Mexico: Peñasquito mine to reopen following 12 days of protests
Transport workers and peasants lifted their barricades on Friday following 12 days of struggle at the Peñasquito gold mine in Zacatecas, Mexico.
Goldcorp, a Canadian transnational, had threatened to temporarily shut down Peñasquito, and to take the striking contract workers and peasants to court, arguing that negotiations were at a standstill.
The company had threatened to do away with many of the jobs contracted out to truckers, supposedly as a result of reduced output. In addition to demanding jobs in the mine, many of the peasants were protesting the use of water resources and pollution of water by the mine.
Following intervention by state government authorities, the company accepted an agreement with the strikers. It also will negotiate individually with the peasant farmers of the region, on the basis of the unlikely argument that each of the peasant households has different grievances.
Over 3,000 workers work directly for the mine. Another 7,000 jobs, such as the protesting truckers, are contingent on the mine’s operation.
Mining output has been falling across the board in Mexico. The drop in gold production, in large part due to lower productivity at Peñasquito, has fallen 17 percent since 2014.
Guerrero students, educators commemorate Tlatelolco massacre of 1968
Students, educators and their supporters marched on October 2 along the highway that links Cuernavaca and Acapulco to commemorate the Tlatelolco massacre of October 2, 1968, in Mexico City and to demand an end to the state-sanctioned kidnappings and killings of students and social activists.
At a rally, union official (CETEG) Carlos Botello declared that this march was meant to give a message to officials at all levels of government, for an end to killings and persecutions that have taken place in Aguas Blancas and El Charco, both in Guerrero, and the disappearance of the 43 Ayotzinapa students. Botello also condemned the victimization, by the government of President Peña Nieto, of teachers who repudiate the class-based education reform.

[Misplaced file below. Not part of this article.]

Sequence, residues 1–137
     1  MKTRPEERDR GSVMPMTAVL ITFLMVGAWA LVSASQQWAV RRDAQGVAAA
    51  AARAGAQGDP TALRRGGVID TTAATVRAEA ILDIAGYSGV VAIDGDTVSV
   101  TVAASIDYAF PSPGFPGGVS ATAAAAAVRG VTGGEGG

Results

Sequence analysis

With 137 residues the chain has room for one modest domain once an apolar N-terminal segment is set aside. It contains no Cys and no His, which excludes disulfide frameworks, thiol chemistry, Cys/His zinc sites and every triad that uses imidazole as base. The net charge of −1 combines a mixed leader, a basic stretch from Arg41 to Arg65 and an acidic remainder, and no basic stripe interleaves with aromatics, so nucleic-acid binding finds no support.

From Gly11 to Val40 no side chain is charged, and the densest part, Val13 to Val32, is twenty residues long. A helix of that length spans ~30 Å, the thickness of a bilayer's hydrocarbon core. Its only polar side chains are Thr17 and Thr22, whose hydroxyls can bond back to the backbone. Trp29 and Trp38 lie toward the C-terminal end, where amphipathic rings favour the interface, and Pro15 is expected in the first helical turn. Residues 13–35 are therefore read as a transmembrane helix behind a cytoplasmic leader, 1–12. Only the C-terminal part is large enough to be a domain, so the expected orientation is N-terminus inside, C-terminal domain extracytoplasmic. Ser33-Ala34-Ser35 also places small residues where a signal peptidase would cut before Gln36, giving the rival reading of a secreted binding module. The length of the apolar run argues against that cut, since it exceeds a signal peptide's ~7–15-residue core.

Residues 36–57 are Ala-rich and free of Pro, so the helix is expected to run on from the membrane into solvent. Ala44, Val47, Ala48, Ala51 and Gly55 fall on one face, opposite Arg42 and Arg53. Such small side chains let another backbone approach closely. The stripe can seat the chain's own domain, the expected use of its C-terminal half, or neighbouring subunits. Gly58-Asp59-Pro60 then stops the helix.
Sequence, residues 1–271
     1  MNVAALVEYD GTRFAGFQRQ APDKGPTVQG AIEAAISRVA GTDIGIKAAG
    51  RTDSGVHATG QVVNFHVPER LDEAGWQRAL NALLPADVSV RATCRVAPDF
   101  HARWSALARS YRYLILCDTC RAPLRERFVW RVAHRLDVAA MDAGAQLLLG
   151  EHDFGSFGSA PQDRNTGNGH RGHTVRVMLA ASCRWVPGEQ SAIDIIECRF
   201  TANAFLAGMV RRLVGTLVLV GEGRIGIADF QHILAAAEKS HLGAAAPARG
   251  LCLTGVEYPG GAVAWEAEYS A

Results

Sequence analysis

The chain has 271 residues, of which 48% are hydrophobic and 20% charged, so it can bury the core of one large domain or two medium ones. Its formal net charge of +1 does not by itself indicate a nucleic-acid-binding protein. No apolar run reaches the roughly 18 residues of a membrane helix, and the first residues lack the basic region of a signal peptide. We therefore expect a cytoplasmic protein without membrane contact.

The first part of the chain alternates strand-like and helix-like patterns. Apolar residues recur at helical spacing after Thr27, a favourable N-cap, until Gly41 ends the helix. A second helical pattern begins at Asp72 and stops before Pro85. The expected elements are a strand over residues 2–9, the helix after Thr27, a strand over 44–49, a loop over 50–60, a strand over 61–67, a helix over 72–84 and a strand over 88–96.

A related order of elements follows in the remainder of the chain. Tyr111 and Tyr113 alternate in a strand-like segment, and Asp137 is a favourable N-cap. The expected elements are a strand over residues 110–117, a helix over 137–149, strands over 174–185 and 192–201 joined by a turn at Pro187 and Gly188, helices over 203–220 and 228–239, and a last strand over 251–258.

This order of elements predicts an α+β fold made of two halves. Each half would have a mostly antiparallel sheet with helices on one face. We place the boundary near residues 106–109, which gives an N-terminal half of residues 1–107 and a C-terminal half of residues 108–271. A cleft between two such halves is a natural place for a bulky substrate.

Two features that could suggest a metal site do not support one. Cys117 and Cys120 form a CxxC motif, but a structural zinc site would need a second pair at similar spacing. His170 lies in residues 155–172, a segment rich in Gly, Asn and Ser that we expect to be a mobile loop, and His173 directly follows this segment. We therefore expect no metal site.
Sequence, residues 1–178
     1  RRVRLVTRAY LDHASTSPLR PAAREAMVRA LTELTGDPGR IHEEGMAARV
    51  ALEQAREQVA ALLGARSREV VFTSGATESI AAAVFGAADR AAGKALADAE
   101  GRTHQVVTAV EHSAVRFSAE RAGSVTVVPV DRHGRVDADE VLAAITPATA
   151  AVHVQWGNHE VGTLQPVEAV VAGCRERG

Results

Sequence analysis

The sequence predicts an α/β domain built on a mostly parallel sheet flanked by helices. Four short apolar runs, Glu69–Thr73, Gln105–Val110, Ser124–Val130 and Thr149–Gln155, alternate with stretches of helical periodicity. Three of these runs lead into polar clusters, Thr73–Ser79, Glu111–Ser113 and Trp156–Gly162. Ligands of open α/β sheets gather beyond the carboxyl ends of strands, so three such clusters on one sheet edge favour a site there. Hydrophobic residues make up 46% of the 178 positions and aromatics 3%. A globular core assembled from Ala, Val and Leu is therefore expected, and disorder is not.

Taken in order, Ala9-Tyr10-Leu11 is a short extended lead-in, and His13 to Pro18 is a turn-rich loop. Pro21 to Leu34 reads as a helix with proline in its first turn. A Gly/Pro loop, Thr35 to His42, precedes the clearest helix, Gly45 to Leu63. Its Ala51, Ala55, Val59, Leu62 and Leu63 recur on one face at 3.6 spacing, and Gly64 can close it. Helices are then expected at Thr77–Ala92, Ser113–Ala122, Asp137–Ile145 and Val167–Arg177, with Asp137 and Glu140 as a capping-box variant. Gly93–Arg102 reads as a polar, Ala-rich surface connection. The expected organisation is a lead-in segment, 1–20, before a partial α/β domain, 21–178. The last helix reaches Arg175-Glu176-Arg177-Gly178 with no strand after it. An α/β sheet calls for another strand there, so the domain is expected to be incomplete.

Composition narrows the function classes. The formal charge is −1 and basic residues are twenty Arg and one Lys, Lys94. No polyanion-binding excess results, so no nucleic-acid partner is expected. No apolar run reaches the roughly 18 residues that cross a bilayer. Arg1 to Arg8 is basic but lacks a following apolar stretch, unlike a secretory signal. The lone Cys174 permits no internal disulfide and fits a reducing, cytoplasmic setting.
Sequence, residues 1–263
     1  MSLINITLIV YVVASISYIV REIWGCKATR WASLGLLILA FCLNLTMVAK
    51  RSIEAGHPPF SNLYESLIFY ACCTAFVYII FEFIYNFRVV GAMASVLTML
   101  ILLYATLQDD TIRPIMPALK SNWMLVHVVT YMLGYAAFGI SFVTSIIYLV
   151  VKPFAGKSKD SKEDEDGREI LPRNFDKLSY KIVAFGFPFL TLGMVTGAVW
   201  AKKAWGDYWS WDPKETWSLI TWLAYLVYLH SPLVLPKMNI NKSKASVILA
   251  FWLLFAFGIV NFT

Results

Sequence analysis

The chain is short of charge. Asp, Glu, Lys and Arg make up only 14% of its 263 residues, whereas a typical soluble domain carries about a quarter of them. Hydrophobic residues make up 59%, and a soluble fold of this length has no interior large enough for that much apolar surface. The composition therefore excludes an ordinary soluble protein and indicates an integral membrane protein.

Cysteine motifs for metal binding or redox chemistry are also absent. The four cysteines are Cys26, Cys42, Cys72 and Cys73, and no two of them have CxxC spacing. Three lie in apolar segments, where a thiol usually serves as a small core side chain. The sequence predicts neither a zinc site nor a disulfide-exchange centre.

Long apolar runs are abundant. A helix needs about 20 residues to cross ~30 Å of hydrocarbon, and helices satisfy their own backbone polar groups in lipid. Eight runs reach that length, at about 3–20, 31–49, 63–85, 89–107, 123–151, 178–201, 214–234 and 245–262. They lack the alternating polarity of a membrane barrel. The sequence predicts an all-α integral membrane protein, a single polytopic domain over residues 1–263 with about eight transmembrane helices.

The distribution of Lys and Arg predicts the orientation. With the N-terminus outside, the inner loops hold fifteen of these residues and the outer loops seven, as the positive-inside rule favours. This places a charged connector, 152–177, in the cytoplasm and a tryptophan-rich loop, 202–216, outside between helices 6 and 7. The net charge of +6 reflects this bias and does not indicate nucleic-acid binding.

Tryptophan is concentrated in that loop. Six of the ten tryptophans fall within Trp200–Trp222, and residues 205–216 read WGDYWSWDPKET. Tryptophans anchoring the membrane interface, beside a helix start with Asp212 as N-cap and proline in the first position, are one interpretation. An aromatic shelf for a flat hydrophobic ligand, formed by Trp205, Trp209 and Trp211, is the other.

Protest strikes by university professors in Argentina
On October 4, university professors carried out a 24-hour protest strike over wages. The educators are demanding a 15 percent raise to make up for an accelerating rate and increases to the university budget for 2017, plus the retention and expansion of social programs that make it possible for poor students to attend public universities.
The protest strike was triggered by the refusal of the government of President Mauricio Macri to discuss any of the professors’ demands in September.
Since Macri assumed the presidency, Argentine trade unions, including the University Union (CONADU), for the most part have gone along with an informal agreement not to lead any serious opposition to draconian government austerity measures, isolating workers struggles and engaging in toothless protest actions such as the strike last Tuesday. A 48-hour protest strike is being planned on Thursday and Friday of this week.
Bank employees in Brazil sold out following a month-long strike
On Thursday, bank employees who had shut down 13,000 Brazilian banks (out of 23,544) returned to work. Union leader and strike spokesman Roberto Von der Osten (coordinator for the National Command of Bank Employees, a coalition of unions) immediately declared a “victory” for the strikers.